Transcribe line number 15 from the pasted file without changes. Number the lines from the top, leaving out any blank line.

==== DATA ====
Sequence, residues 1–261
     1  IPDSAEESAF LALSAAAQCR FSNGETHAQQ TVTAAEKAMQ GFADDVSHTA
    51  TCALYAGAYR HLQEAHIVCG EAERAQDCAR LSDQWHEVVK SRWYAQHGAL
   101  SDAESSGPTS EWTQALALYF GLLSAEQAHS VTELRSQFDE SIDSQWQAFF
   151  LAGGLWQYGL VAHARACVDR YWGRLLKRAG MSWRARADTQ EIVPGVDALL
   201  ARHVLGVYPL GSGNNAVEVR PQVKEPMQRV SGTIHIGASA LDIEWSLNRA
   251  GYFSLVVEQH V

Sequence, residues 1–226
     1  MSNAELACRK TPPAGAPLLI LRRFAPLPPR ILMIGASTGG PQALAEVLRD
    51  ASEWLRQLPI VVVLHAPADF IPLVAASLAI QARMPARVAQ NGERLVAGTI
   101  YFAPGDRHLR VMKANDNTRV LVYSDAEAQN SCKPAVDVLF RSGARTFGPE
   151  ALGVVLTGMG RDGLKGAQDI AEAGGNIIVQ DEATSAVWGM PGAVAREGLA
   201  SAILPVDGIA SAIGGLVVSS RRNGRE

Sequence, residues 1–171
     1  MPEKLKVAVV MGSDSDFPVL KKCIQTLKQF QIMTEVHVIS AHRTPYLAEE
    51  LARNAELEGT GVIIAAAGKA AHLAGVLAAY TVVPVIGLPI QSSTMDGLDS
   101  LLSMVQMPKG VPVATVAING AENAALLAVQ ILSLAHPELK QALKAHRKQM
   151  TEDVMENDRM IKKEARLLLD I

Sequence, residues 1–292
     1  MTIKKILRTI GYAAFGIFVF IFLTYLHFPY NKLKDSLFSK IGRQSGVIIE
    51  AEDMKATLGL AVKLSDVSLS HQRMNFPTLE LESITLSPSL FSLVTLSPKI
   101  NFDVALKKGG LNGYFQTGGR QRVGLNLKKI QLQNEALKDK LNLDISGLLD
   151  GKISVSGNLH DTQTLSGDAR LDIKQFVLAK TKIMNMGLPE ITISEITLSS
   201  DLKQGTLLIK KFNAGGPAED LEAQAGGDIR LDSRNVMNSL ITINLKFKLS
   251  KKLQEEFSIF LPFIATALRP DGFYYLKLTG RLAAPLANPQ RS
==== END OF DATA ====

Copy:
     1  MPEKLKVAVV MGSDSDFPVL KKCIQTLKQF QIMTEVHVIS AHRTPYLAEE